Palm Coast City Manager Jim Landon moved to the city in November 2007 from Lancaster, Texas. It was the depth of the housing crash. He and his wife Tresea waited until the end of March 2009 to buy a house on 2 Edge Place, for $285,000.
“My wife told me she’s not moving again, so I’d better make nice with everyone,” Landon told the News-Journal at the time, when he was 50 and she was 56. But she may just have to move again.
In mid-September, the Landons sold the 2,600-square-foot house for $388,000, to Gennady and Natalia Avdyukhin, a couple with little previous footprints locally. The price is 36 percent above what they’d paid eight years before, a significant profit for a city long mired in real estate doldrums following the great crash. Overall in 2017 property values in the county remained at 69 percent of their peak during the housing boom, according to the property appraiser’s 2017 figures. But values have been rising steadily every year for the past five years, rising almost 7 percent in Palm Coast this year.
A pool, a deck and a summer kitchen were added to the property in 2009, according to property appraiser records. The sale price is well above similarly-sized homes that have sold in the area this year: a 2,400-square foot house with a pool on Ellsworth Drive sold for $180,000 in August (that house is 20 years older), a 2,400-square foot house on Edmond Place, almost contemporary with the Edge property but without a pool, sold for $325,000, a house of the same size, with a pool, but five years older on Eagle Crest Path sold for $289,000, one on Empress Lane (similar size and age and with a pool) sold for $337,000 in June, and one on Ebb Tide Drive, with similar history, size and amenities sold for $308,000.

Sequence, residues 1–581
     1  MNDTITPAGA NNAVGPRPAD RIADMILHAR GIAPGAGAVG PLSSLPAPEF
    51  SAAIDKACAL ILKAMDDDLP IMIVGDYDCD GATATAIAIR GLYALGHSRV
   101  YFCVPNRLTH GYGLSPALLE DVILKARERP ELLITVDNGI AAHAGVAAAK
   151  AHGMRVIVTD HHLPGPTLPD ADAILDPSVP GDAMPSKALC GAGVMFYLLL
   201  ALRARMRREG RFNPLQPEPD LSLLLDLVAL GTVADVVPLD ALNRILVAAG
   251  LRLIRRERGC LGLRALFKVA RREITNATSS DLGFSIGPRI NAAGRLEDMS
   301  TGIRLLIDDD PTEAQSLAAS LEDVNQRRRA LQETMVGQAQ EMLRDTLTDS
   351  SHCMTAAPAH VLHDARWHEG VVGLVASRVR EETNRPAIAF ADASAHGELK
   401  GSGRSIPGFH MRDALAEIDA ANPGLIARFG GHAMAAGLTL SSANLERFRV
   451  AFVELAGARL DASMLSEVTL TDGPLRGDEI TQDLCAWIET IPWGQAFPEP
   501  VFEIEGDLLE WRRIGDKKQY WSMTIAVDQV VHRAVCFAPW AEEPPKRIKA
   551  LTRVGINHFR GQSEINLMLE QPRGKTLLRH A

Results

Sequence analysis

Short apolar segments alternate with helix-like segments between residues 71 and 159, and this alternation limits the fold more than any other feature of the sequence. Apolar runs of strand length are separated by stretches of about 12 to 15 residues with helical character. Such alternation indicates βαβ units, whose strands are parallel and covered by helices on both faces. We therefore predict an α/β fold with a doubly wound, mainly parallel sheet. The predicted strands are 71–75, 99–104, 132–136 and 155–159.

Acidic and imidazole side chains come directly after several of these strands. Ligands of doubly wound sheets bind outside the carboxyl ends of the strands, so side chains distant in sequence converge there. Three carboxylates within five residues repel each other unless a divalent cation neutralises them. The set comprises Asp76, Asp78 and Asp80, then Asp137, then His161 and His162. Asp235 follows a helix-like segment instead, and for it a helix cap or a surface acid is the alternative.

Landon told the city council in summer he was “downsizing” in view of retirement two years from now. He also bought an RV. It’s not clear where he’s living at the moment, though he is required to “maintain residence within the corporate boundaries” of Palm Coast, in accordance with his employment contract. (A Palm Coast spokesperson did not respond to an inquiry, and Mayor Milissa Holland said she was not aware of his current residency status.)
In mid-summer his job with the city had come under question as word of his selling his house and private discussions he held with council members fueled speculation about his future and talk from council members that they might end his tenure. But only two of the five council members announced themselves for firing Landon, while the remaining three acceded to his plan to retire in late 2019, even as the council prepares to launch a national search for his replacement. That plan is not starting until January. Council members were hesitant to fire Landon, rather than let him retire, because firing him would cost them a severance package roughly equal to his nearly-quarter-million-dollar pay package.